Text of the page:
Last week Jennie (our Projects Manager) and myself presented at the Archives and Records Association (ARA) conference, here in Manchester. Our paper was called:
Telling the Whole Story: Community partnerships and collection development in the Legacy of Ahmed project
We’ve been thinking a lot recently about the way we work, as an organisation that undertakes both outreach projects and heritage collection work*. Not only do we give equal weight to these areas of our work, the two have a symbiotic relationship: The outputs of community and schools-based projects (such as oral history interviews, teaching resources, donated ephemera, creative works and publications) are accessioned into the library and archive collections**, ensuring that community voices are preserved for the long-term, but also building a bank of resources to support ongoing outreach work – both our own and other people’s.
It’s the reason we call ourselves a ‘resource centre’ rather than an archive or library; our collections have always been intended to have contemporary, active and practical purposes.
Our paper was a chance for us to articulate this and share with fellow professionals some of the lessons we learnt about project-based collecting from our recent Legacy of Ahmed project. The project aimed to commemorate and document the impact and positive legacy of Ahmed Iqbal Ullah’s tragic death, primarily through reminiscence work and collecting oral histories with members of the local Bangladeshi community, activists, officials, community workers and Ahmed’s friends and family.
Jennie talked about the importance of building relationships and community partnerships in a project like this, allowing us to collect meaningful and authentic testimonies. But she reflected that it also meant the project went down lots of unexpected collecting avenues. For example the vast array of papers, photos and ephemera that were donated alongside oral history interviews, including a substantial organisational archive from our project partner Ananna, the Manchester Bangladeshi Women’s Organisation.
I then talked about the challenges of processing the material into a coherent archive. There was a far greater volume and variety of material than expected, including historical and contemporary material, a substantial amount of which was digital. We had built time and cost into the project for archiving, but not enough.
What we hadn’t allowed for was the time it would take us to reconceptualise this material as an archive telling the story of Ahmed’s legacy, rather than just seeing it as project outputs. This required iterations of appraisal and negotiation between the project and the collection team, as we tried to create a focused and coherent archive that would make sense to future generations, but that reflected the collaborative and organic nature of the project itself.
Me and Jennie had many conversations over the disposals box, as she explained to me the significance of a letter or leaflet that seemed at face value to be outside the scope of the collection. Because she knew the donor and their story, and that the letter was from such-and-such a person, who is important because… and it’s about a matter that is referred to in someone else’s oral history interview, which is significant because… and so on. All of these layers of meaning and cross-cutting references are what emerge during long-term, partnership-based project working. They are vital to the telling the whole story, but many of our archive processes, which are based on more traditional methods of donation, are unable to capture this information.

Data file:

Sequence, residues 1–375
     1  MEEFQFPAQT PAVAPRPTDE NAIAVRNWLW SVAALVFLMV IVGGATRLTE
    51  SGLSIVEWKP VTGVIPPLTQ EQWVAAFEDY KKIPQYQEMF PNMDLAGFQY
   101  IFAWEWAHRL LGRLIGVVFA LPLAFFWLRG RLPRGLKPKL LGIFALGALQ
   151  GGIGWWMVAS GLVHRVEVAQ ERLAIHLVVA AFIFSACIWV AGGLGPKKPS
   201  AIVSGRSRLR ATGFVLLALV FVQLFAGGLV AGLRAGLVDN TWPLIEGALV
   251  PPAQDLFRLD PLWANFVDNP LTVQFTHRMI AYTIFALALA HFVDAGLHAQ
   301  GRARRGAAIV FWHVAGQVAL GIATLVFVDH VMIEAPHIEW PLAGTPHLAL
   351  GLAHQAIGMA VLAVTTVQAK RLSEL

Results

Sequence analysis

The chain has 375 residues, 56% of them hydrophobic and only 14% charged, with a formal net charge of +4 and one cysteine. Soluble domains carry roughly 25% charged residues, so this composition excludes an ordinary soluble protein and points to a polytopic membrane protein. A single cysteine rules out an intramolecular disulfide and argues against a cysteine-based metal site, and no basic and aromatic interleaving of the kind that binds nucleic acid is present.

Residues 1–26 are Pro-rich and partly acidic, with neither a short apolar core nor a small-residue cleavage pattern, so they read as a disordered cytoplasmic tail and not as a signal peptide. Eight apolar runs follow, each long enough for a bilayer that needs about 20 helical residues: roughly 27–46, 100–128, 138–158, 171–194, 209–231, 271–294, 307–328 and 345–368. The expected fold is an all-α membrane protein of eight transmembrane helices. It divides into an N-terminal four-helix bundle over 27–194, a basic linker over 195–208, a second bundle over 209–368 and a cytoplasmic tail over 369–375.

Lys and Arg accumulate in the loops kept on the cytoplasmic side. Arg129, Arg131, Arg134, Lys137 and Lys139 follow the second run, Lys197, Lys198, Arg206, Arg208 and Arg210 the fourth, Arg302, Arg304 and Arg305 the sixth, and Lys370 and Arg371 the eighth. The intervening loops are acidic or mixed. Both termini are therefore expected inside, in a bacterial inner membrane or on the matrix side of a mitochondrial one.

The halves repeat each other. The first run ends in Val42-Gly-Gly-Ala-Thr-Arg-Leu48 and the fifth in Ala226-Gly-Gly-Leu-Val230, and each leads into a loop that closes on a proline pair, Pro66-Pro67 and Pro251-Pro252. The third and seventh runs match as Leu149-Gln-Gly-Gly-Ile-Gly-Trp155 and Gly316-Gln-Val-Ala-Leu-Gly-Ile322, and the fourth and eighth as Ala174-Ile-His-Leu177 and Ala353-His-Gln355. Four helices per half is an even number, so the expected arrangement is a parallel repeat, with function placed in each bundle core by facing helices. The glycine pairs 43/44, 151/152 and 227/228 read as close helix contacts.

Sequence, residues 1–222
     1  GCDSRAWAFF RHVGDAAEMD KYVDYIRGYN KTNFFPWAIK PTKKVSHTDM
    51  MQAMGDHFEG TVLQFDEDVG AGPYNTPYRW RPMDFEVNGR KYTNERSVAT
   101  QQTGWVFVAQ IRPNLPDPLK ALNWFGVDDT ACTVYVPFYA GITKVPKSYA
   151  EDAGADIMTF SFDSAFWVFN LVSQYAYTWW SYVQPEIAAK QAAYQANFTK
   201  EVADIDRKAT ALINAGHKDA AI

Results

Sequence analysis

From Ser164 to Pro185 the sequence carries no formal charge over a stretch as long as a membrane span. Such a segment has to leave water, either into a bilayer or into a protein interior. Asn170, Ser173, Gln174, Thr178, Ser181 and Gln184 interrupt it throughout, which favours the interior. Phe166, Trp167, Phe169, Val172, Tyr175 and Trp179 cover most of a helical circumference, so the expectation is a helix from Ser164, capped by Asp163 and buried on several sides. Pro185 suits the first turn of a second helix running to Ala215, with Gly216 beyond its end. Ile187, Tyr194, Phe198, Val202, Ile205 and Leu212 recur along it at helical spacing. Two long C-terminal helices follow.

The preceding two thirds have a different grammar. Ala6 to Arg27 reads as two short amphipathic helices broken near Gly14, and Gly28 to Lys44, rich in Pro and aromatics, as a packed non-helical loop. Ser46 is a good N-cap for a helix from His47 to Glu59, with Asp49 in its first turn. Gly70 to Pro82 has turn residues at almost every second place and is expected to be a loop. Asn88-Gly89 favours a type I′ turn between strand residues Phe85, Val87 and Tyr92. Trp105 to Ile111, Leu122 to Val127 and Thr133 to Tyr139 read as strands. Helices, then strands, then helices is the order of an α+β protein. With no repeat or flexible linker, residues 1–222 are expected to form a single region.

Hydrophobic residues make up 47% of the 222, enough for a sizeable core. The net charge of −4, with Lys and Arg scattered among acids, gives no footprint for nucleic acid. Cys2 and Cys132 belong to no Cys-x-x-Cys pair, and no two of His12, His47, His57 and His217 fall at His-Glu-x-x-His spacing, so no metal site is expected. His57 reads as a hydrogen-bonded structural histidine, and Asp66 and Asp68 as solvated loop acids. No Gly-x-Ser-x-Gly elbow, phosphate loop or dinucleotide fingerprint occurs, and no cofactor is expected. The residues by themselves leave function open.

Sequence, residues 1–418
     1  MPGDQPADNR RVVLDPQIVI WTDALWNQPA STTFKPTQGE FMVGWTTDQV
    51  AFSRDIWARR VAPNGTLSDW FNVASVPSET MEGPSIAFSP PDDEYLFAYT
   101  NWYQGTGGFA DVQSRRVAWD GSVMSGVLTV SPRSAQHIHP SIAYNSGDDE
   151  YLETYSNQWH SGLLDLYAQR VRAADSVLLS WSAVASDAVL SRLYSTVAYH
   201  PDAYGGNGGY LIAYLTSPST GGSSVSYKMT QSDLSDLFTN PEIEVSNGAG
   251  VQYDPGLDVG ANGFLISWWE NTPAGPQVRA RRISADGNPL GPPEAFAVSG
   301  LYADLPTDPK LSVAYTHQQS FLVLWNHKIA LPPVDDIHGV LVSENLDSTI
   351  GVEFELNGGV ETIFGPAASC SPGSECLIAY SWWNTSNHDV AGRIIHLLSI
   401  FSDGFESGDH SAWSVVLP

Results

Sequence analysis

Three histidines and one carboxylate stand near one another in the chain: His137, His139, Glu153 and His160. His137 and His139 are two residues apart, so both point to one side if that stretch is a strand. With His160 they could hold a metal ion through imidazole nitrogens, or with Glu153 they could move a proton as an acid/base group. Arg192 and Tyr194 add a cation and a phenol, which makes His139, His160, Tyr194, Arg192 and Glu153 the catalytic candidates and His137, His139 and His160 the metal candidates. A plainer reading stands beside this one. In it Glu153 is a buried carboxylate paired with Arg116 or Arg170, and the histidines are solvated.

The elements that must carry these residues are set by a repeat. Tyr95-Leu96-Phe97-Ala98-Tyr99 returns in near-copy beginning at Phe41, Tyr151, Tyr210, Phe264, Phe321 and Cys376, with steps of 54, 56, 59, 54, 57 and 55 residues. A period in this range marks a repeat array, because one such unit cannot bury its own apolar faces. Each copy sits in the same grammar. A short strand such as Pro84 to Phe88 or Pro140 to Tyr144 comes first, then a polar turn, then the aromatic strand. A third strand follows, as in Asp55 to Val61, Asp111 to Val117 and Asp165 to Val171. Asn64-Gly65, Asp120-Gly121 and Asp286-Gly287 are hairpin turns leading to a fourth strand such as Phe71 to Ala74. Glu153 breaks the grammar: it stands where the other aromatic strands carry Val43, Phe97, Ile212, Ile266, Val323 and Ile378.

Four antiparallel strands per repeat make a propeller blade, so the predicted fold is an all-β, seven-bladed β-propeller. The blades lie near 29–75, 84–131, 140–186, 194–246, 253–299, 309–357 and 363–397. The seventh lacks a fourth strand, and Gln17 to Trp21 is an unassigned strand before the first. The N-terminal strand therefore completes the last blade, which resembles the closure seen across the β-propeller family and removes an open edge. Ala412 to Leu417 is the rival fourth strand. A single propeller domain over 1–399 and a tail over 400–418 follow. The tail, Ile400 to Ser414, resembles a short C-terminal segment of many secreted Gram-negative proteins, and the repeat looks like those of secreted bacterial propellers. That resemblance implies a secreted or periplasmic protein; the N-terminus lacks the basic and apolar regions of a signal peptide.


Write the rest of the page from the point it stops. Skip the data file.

The conference was a really useful opportunity for us to collect our thoughts and test out ideas with a wider heritage sector audience. Some of the challenges we talked about seemed to resonate with others in the room, so hopefully we gave them some food for thought too.
Back in the office we’re now looking at how we can adapt our archive documentation to include some of this soft ‘metadata’, and how we can better dovetail the active collecting phase of projects with the archiving phase. We don’t have solutions to these challenges yet, but project-based collecting is only going to increase for us over the next few years, so watch this space for more.
* By ‘we’ I’m actually referring to our two sister organisations, the Ahmed Iqbal Ullah Race Relations Resource Centre, established at the University of Manchester in 1999, and the Ahmed Iqbal Ullah Education Trust, an independent organisation established less than two years later, to lead on engagement and outreach work using the collection. For the most part we work as one team on the shared principles of celebrating cultures, recording hidden histories combating racism and open access.
** The research we have recently completed into the status of BAME community-related material in Greater Manchester’s archives and museums suggests that we are unique, at least in the region, in working in this way. For more about the research and the ongoing project work take a look at the Coming in from the Cold blog.